Investment Expropriation Claims Under Chapter 11 of the North American Free Trade Agreement

Chapter 11 of NAFTA establishes protections for foreign investors in each of the three signatory nations. Although previous multilateral investment treaties protect against direct appropriation by the government, NAFTA's Chapter 11 investment protection provisions went further to establish a new right for private foreign investors to claim compensation for government acts that are "tantamount" to direct appropriation. Chapter 11 did not receive much attention at the time of the NAFTA negotiations, but it has since become increasingly controversial as implementation has proceeded because private business interests have used Chapter 11 to seek payment from foreign national governments for the enforcement of policies designed to protect public health, natural resources and the environment. Below are examples of some of the Chapter 11 claims brought to date:

  • Metcalclad, a California-based corporation intended to open a toxic waste landfill in Mexico. Metalclad had secured the required Mexican state and federal permits, but was unable to secure a local municipal construction permit. The local permit was withheld because of local residents concerns about contamination to groundwater and streams from the proposed landfill. In August 2000, a NAFTA Chapter 11 tribunal awarded Metalclad $16 million (United States) on the basis that the denial of the local construction permit constituted an indirect appropriation of private property.
  • Methanex is a Canadian corporation, and a producer and marketer of methanol. Methanol is the key ingredient in methyl tertiary butyl ether (MTBE), a gasoline oxygenate designed to reduce harmful airborne automobile emissions. Methanex does not manufacture MTBE. In 1999, the State of California (in the United States) announced a phase-out of MTBE by 2002, due to its widespread contamination of groundwater aquifers from underground petroleum storage tanks. In its Chapter 11 claim against the United States, Methanex claimed that the California-phase out of MTBE violated NAFTA's guarantee of fair treatment for foreign investors. In an August 2002 decision, a NAFTA tribunal rejected this claim for compensation on the grounds that the Methanex Corporation did not constitute an "investor" for Chapter 11 purposes because there was an insufficient link between California's ban on MTBE and Methanex Corporation's investments in the production of methanol.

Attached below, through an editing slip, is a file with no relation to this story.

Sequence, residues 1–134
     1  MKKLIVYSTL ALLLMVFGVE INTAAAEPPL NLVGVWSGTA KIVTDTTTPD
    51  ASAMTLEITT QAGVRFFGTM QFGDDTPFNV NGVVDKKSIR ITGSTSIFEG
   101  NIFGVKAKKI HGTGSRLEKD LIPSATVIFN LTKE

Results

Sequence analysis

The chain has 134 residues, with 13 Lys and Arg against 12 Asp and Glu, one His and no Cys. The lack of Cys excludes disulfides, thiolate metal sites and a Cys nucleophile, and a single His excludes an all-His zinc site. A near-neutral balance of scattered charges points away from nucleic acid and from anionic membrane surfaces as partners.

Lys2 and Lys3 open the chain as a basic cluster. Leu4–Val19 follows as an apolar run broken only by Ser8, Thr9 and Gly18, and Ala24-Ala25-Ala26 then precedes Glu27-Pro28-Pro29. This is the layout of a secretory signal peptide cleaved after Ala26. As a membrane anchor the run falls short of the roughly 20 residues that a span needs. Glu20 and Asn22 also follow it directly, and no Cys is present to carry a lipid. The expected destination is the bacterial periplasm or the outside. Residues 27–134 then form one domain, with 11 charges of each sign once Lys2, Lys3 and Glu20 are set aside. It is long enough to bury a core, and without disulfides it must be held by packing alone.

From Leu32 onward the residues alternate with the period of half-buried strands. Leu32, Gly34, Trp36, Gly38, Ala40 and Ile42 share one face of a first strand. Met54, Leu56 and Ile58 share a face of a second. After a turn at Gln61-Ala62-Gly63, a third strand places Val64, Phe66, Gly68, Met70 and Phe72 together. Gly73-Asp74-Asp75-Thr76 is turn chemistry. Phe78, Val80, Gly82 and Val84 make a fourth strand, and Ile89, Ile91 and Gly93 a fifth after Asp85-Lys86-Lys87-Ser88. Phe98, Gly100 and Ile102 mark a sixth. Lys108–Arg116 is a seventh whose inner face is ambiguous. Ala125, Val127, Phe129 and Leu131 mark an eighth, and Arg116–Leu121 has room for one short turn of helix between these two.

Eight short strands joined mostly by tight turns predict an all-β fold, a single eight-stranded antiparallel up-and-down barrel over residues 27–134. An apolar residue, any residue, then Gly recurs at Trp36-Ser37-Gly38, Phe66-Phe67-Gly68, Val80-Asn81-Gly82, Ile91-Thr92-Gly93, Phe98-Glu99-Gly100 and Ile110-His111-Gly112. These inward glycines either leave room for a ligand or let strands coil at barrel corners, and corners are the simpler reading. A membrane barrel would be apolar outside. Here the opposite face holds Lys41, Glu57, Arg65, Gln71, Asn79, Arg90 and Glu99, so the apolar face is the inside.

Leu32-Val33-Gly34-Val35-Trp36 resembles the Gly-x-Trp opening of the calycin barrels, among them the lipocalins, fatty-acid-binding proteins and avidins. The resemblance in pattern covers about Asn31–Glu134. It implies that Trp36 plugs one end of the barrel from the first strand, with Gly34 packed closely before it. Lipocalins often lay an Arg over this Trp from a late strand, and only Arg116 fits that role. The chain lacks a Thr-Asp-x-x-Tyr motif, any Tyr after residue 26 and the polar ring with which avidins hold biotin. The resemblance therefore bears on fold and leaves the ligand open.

• In August 2004, farming interests from Texas filed a claim against Mexico seeking nearly $700,00,000 (United States) in connection with the alleged failure of Mexico to deliver certain quantities of Rio Grande water pursuant to the terms of the 1944 Rivers Treaty between Mexico and the United States. Mexico has responded that it was entitled to temporarily reduce releases of Rio Grande water under the drought provisions of the 1944 Rivers Treaty, and that the 1944 Rivers Treaty provides that any "debt" incurred in connection with drought conditions is to be paid back through additional deliveries of water rather than liability for damages. In the summer of 2006, there was briefing on the question of whether the dispute resolution procedures set forth in the 1944 Rivers Treaty (involving the International Boundary and Water Commission) preclude the jurisdiction of the NAFTA Chapter 11 tribunal in this instance.

Chapter 11 has proven controversial and been subject to widespread criticism due to concerns over its broad definition of investment, its broad definition of appropriation, its dispute resolution mechanisms, and its impact on domestic regulation. In recent years, an extensive body of scholarly legal work has been undertaken in connection with the impacts of Chapter 11 on environmental protection policies, much of which calls into question whether the substantive and procedural rules set forth in Chapter 11 are appropriate for resolving complex disputes involving the adoption and enforcement of public health and natural resource conservation matters.

Further Reading

Kibel, Paul Stanton (Lead Author); Sidney Draggan (Topic Editor). 2007. "North American Free Trade Agreement (NAFTA)." In: Encyclopedia of Earth. Eds. Cutler J. Cleveland (Washington, D.C.: Environmental Information Coalition, National Council for Science and the Environment). [First published in the Encyclopedia of Earth March 7, 2007; Last revised March 13, 2007; Retrieved September 17, 2008]. <>


(2007). North American Free Trade Agreement (NAFTA). Retrieved from